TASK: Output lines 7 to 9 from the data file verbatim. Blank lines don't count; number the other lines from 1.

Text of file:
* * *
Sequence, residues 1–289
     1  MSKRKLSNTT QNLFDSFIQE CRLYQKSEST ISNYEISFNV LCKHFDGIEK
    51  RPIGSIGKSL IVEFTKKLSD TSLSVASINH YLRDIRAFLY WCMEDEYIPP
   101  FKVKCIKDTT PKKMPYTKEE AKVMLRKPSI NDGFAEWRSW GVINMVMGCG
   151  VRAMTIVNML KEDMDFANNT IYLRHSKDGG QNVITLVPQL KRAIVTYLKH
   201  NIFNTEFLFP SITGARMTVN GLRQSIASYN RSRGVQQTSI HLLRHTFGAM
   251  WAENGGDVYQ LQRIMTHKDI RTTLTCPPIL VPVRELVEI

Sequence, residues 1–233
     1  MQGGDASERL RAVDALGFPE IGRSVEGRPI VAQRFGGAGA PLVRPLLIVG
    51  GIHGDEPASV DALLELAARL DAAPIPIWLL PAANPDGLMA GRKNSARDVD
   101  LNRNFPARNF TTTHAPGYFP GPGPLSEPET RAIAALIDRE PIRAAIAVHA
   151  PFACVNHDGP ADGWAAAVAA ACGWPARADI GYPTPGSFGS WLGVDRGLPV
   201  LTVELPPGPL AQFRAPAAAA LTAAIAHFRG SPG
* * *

   251  WAENGGDVYQ LQRIMTHKDI RTTLTCPPIL VPVRELVEI

Sequence, residues 1–233
     1  MQGGDASERL RAVDALGFPE IGRSVEGRPI VAQRFGGAGA PLVRPLLIVG